Ten Years of the Climate Change Act – many happy returns?

Ten years ago this week the 2008 Climate Change Act became law. This landmark piece of legislation set binding targets for reducing emissions and created the Committee on Climate Change to monitor progress.

The legislation was the culmination of many years of campaigning by activists. However, in many ways the real work began only after its passage – the work of decarbonising the UK economy.

The Climate Change Act at 10: policy-driven progress?

So what is the record of the last ten years? In many respects, substantial progress has been made. The power sector is the clearest success story. When the Act became law, only five per cent of generation was renewable[1]. Today it stands at 30 per cent.[2] This has driven a substantial reduction in carbon reductions - down over a fifth in total.[3]

However, there are significant differences between sectors. Emissions from the power sector are 58 per cent lower than they were in 2008, but only four per cent lower in transport. [4]

Why the difference? Government action accounts for much of it. Successive legislation prioritized policies to incentivize renewable energy sources and investors responded. This was not mirrored in the transport sector. In short, Government took steps to create the conditions to drive increased supply of renewables, rather than focus on stimulating demand for low carbon transport.

This supply-side approach shaped the communications challenge for new technologies and market entrants to the low carbon economy over the past decade. Making the case direct to policymakers for particular technologies has been central to business’ success or failure, with messaging designed to suit the goals of policymakers.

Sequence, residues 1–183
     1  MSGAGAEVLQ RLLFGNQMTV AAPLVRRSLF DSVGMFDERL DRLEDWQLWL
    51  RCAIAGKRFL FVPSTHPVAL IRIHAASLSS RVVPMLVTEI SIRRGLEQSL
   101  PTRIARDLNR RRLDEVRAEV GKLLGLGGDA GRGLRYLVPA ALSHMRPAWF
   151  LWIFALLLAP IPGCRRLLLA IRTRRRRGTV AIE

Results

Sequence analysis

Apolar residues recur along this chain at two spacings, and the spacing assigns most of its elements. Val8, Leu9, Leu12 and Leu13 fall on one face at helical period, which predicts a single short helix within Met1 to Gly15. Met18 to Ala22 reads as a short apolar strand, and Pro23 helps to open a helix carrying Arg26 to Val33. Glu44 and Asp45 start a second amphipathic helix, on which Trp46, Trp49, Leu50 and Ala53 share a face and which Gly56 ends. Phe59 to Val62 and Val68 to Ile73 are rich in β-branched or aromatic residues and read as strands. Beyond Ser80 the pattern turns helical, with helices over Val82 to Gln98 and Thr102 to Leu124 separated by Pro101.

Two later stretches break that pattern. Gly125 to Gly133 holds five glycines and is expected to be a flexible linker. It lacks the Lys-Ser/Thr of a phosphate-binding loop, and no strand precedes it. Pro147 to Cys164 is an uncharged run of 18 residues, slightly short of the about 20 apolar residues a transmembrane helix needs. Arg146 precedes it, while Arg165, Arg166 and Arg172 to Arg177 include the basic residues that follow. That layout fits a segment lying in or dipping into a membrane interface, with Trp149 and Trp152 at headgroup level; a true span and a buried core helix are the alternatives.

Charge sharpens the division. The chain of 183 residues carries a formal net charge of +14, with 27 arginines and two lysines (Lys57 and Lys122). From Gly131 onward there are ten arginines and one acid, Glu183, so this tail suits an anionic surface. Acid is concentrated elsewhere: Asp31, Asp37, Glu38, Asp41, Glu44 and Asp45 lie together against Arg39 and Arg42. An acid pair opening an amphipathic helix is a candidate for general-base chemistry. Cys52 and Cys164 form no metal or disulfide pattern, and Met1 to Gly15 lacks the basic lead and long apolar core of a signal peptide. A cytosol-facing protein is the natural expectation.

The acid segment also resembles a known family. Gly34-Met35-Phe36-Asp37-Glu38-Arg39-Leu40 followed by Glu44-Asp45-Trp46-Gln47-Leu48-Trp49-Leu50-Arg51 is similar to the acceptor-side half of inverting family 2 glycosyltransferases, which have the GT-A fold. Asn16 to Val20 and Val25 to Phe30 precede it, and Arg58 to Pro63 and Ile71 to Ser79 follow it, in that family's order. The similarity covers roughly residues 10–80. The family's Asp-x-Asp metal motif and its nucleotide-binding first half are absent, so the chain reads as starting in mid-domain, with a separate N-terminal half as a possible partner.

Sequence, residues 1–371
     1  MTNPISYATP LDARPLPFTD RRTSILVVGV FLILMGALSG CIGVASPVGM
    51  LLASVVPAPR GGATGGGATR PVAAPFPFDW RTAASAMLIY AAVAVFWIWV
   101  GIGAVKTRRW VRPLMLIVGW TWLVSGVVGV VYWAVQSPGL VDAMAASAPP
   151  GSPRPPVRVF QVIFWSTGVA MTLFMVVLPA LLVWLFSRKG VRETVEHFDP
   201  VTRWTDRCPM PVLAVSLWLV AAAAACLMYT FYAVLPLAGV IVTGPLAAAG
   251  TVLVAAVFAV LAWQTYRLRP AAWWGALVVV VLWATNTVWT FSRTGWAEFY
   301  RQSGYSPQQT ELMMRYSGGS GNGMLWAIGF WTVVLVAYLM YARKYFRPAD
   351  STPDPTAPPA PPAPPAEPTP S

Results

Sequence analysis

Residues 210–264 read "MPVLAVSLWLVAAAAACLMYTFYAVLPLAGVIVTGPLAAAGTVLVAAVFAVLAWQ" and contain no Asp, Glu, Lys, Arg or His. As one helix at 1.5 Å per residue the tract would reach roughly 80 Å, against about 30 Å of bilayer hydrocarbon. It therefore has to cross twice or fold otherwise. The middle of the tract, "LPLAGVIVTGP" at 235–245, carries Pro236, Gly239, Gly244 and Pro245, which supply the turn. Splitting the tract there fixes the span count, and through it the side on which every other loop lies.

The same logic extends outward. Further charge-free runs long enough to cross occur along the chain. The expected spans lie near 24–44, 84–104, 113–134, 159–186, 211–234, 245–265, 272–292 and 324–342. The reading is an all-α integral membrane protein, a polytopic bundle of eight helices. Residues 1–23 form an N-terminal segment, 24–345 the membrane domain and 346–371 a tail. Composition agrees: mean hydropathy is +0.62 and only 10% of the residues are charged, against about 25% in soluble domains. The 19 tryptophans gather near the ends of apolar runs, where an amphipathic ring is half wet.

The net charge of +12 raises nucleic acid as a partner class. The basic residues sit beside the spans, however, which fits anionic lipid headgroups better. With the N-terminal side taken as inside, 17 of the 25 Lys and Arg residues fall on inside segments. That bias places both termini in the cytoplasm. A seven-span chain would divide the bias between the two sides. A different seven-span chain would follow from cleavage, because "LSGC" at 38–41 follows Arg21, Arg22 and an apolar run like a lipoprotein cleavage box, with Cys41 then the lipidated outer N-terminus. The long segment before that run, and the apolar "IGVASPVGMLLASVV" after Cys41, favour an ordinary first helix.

The communications challenge of the next 10 years

To drive a rapid increase in decarbonisation over the next 10 years and meet UK emissions reductions targets will require more than just new policies and investment from Government – consumer behaviour change will be vital.

Surveys consistently find that the reality of climate change and need for action are accepted by a majority of the public. However, this has not translated into action to change behaviours. For example, only 38 per cent of the public have considered switching to a green energy tariff, according to an August 2018 poll.[5]

Madano advises clients across the energy sector – if you’re interested in learning more please drop us a line. You can also follow Madano on Twitter.

madano.com

Madano advises clients across the energy sector – if you’re interested in learning more please drop us a line. You can also follow Madano on Twitter.

References

[1] Table 1, Special feature – Renewable energy in 2013, Department for Energy and Climate Change, available here.

[2] Calculated from Energy Trends: September 2018 data available here.

[3] Calculated from Trends in Sectoral GHG emissions data included in the 2018 Committee on Climate Change Progress Report, available here.

[4] Calculated from Trends in Sectoral GHG emissions data included in the 2018 Committee on Climate Change Progress Report, available here.

[5] Survey of 2,007 bill payers, conducted by Opinium on behalf of uSwitch.com, published on 22 August, available here.

The carbon emissions and renewables data in the infographic is taken from the same sources as cited in the article. The 74% figure is taken from data on Q21, in the Energy and Climate Change Public Attitudes Tracker: Wave 25, available here.